I thought briefly that Orphan Black might just have jumped the shark with last week’s episode. Yet another clone? But this one is a lot different from the others (in fact, they are all remarkably different from each other) and gives Maslany yet another chance to shine. The story has more twists than a strand of DNA, but it’s never dull.

I finished the third season of Death in Paradise, which has been renewed for a fourth. It’s a whimsical cozy detective show set on a fictional Caribbean island. There’s a new DI this season, a bit of a bumbler, and the stories are very much inspired by Agatha Christie, with arcane clues and motives, and a summing up at the end in front of the suspects, but it’s fun. Sometimes I figure out at least half of the truth ahead of the big reveal but often I’m in the dark until the end.

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Your words, another voice

There’s a particular pleasure in revisiting a story that you haven’t read in a while. A couple of weekends ago, I read “Sturm und Drang” from A Dark and Deadly Valley to my wife. I’m not sure that I’ve read the story since it was published in 2007. It was almost like reading another person’s work and I have to say that I was very pleased with the tale. Alas, the anthology didn’t get very wide distribution.

I was approached by the good folks at The Wicked Library to see if I would give them a story to be read on their weekly podcast. I perused my archives and decided that “Knock ‘em Dead” would be a good fit. It was first published in When the Night Comes Down from Dark Arts Press along with three other of my stories (the closest thing I’ve done to a collection yet). The story was inspired by a story I heard another author tell about someone having a heart attack at or before their reading. It’s a writer’s story, told from the point of view of a debut novelist who is suddenly thrust into the limelight and sees a chance to scale the ladder of success quickly. I think it’s a funny story, one that Jeff Strand might get a kick out of. Again, I haven’t revisited the story in a while, so it was with great pleasure that I listened to Nelson W. Pyles’ terrific narration. You can see something of its vintage with references to PDAs and Larry King, but Nelson’s rendering of Larry King’s voice was one of my favorite parts, so I’m glad I didn’t update it. I hope people will give it a listen: I think it’s a pretty kick-ass story. Or, as the promo copy at the site says, “quite possibly the most actually wicked story [sent] to the Wicked Library.”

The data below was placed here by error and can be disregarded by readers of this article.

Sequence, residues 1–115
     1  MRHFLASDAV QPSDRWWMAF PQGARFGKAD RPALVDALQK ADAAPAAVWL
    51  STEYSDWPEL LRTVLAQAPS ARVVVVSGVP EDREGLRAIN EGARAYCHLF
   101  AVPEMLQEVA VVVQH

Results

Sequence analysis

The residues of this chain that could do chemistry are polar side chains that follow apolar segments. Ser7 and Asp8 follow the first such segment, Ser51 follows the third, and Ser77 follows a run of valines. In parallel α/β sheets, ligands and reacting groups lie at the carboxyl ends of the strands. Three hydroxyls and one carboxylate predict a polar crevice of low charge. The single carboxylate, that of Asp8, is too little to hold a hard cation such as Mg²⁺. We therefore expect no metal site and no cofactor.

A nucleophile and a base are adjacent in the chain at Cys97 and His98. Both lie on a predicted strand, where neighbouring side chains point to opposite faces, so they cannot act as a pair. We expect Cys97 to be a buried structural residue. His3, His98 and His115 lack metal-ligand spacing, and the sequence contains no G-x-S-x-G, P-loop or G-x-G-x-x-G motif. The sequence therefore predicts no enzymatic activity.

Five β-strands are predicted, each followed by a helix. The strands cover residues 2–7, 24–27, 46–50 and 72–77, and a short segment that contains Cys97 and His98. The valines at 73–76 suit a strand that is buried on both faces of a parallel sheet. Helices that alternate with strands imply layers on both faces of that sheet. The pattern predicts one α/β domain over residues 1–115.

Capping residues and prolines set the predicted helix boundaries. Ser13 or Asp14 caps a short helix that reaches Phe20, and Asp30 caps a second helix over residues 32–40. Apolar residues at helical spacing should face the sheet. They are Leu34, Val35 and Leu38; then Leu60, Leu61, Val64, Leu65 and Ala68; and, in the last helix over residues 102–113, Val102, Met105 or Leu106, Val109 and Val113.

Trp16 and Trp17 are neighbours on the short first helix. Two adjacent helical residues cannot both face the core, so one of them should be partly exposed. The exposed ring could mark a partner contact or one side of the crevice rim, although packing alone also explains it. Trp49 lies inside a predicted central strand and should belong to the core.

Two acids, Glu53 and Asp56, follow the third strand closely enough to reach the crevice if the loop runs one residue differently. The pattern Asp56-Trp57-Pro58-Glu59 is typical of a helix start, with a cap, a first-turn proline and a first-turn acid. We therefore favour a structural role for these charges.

There was definitely a Doctor Who sub-theme working on the second episode of the third season of Death in Paradise. One of the guest stars was Doc #5, Peter Davison, who plays the beleaguered screenwriter for a zombie movie being filmed on the island, and the lead actress in the zombie flick was played by Michelle Ryan, aka Lady Christina.

Motive is an underappreciated (in my opinion) crime series. It’s filmed in Vancouver with mostly Canadian actors, including Kristin Lehman from The Killing, and its conceit is that the killer and the victim are revealed before the opening credits, though not in Columbo fashion. A big part of the joy in the show is finding out how these oft-times seemingly unrelated characters come together and what causes one to murder the other. The show usually plays against expectations. The guy just released from prison isn’t the killer, he’s the victim, or the cute little thang is the killer. Also, I really enjoy the relationship between Lehman’s character and her partner, played by Louis Ferreira, who was Declan on Breaking Bad. They have a comfortable familiarity that shines through in underplayed moments and little bits of seemingly impromptu dialog. There’s one episode in the second season that appeals to two aspects of my daily life: crime writing and chemistry.

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As time goes by

Another year older, another year wiser, mayhaps.

I received my copy of CD #71 yesterday, the one that contains my feature review of Mr. Mercedes. On the same day as the book was published, no less. Good timing, or what?